A tax refund is a reimbursement of the excess amount of tax paid by a taxpayer to the federal or state government. If a taxpayer receives a refund, it means they overpaid their taxes in the previous tax year, and this represents an interest-free loan to the government.

Most taxpayers look at tax refunds as a bonus or sort of windfall whose spending has no impact on their financial plan for the year. It is erroneous since tax refunds represent money that rightfully belongs to the taxpayer, and the tax authority only restores an amount equivalent to the overpaid tax. Instead, tax refunds should be treated as a fungible commodity regardless of its origin, and it should be treated the same way as regular income.

 

Bonuses

A bonus is a payment to a person above and beyond their regular income. Usually, bonuses are awarded as a form of incentive to entry-level and senior-level employees. Companies also use bonuses to reward special achievements or for the accomplishment of certain milestones.

However, employees see bonuses in a different light other than mere ordinary income. As a result, many employees spend their bonuses on unnecessary expenses such as cars, vacations, fancy clothing, etc.

Such spending behavior is against the concept of fungibility. Before spending bonuses on extravagant expenses, employees should compare the expenses with what that the money could alternatively be spent on ­– something that is more deserving of that money.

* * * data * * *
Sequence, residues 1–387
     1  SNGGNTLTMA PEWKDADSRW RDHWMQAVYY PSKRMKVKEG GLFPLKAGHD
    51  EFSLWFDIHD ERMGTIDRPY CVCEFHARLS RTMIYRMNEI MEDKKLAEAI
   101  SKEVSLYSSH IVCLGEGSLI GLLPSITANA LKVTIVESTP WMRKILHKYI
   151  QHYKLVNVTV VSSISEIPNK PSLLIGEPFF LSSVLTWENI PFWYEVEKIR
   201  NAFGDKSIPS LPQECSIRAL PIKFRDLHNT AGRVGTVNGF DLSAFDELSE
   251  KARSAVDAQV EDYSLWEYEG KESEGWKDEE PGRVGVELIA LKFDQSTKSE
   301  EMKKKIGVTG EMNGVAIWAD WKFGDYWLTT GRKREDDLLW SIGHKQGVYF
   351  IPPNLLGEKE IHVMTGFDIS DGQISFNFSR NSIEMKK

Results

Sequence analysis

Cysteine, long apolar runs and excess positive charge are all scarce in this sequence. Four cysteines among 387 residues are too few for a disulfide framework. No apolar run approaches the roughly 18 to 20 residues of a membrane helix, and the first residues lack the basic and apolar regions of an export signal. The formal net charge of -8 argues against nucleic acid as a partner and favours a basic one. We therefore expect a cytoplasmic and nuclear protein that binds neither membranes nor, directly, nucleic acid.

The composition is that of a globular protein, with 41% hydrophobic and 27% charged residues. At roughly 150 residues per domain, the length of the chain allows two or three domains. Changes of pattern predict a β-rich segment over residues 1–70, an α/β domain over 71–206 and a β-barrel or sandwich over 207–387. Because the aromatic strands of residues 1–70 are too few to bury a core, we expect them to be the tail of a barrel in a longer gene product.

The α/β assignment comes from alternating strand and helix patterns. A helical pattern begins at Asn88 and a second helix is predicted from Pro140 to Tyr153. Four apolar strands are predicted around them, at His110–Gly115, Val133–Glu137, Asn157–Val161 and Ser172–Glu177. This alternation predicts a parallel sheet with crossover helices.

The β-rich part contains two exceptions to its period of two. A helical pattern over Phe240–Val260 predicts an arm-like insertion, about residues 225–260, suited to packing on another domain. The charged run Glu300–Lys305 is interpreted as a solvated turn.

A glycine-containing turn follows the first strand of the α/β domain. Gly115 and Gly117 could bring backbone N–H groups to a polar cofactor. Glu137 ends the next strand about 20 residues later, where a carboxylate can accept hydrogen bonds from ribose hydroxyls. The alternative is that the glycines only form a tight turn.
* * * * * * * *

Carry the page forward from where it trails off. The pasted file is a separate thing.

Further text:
Lottery Winnings

Lottery winners often spend their fortunes on dubious purchases that are only justified by the unmerited prize they won. As a result, many lottery winners go bankrupt shortly after receiving their prize and spending their fortune on undeserving expenses.

If the fortune had been spent in line with the financial plan that the winners had before the win, they would’ve earned returns on their investments or spent the fortune on justifiable expenses.

 

Mental Accounting in Investing

Mental accounting also exists in investing, as investors choose the assets to invest in speculative and safe portfolios. Investors disassociate safe portfolios from speculative portfolios so that negative returns from the latter do not affect positive returns from the former. It means that there is extra money that investors can afford to lose and that they are comfortable investing in uncertain and speculative investments.

However, “money that you can afford to lose” is a mental accounting bias, since all money is the same, and there is no decision that would justify losing any money you own. There should be no division between safety capital and money that you can afford to lose, and any dividing line amounts to a mental illusion.

 

Additional Resources

CFI is the official provider of the global Certified Banking & Credit Analyst (CBCA)™ certification program, designed to help anyone become a world-class financial analyst. To keep advancing your career, the additional resources below will be useful:

  • Decision Theory
  • Moral Hazard
  • Prisoner’s Dilemma
  • Investing: A Beginner’s Guide